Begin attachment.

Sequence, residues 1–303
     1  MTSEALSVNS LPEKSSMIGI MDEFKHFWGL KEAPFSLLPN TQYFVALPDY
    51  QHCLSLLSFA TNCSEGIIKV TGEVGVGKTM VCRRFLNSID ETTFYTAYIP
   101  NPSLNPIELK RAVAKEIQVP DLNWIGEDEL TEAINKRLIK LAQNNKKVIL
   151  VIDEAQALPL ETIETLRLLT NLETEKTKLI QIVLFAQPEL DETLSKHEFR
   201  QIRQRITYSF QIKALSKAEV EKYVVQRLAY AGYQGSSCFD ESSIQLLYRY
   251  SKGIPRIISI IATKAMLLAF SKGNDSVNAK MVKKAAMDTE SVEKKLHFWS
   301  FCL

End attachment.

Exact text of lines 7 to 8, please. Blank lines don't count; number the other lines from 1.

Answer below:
   251  SKGIPRIISI IATKAMLLAF SKGNDSVNAK MVKKAAMDTE SVEKKLHFWS
   301  FCL